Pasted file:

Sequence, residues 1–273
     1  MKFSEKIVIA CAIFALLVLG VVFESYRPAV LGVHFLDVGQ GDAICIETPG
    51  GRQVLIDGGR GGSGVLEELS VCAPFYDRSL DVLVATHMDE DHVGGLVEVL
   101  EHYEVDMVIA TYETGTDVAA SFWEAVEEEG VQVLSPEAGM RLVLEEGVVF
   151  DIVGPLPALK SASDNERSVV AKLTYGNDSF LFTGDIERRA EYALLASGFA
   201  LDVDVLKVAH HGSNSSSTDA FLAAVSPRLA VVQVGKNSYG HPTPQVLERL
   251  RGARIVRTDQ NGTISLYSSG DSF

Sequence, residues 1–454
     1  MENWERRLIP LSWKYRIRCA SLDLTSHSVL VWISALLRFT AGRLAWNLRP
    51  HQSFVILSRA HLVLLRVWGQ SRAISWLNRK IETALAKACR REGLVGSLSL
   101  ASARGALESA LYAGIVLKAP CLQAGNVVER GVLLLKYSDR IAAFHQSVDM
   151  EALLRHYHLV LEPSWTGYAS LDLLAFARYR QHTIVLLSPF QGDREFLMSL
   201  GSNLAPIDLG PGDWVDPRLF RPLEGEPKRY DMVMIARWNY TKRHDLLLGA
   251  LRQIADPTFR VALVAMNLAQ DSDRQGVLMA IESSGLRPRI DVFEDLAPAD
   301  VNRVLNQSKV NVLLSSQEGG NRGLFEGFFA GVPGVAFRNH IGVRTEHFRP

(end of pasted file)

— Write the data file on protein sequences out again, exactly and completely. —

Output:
Sequence, residues 1–273
     1  MKFSEKIVIA CAIFALLVLG VVFESYRPAV LGVHFLDVGQ GDAICIETPG
    51  GRQVLIDGGR GGSGVLEELS VCAPFYDRSL DVLVATHMDE DHVGGLVEVL
   101  EHYEVDMVIA TYETGTDVAA SFWEAVEEEG VQVLSPEAGM RLVLEEGVVF
   151  DIVGPLPALK SASDNERSVV AKLTYGNDSF LFTGDIERRA EYALLASGFA
   201  LDVDVLKVAH HGSNSSSTDA FLAAVSPRLA VVQVGKNSYG HPTPQVLERL
   251  RGARIVRTDQ NGTISLYSSG DSF

Sequence, residues 1–454
     1  MENWERRLIP LSWKYRIRCA SLDLTSHSVL VWISALLRFT AGRLAWNLRP
    51  HQSFVILSRA HLVLLRVWGQ SRAISWLNRK IETALAKACR REGLVGSLSL
   101  ASARGALESA LYAGIVLKAP CLQAGNVVER GVLLLKYSDR IAAFHQSVDM
   151  EALLRHYHLV LEPSWTGYAS LDLLAFARYR QHTIVLLSPF QGDREFLMSL
   201  GSNLAPIDLG PGDWVDPRLF RPLEGEPKRY DMVMIARWNY TKRHDLLLGA
   251  LRQIADPTFR VALVAMNLAQ DSDRQGVLMA IESSGLRPRI DVFEDLAPAD
   301  VNRVLNQSKV NVLLSSQEGG NRGLFEGFFA GVPGVAFRNH IGVRTEHFRP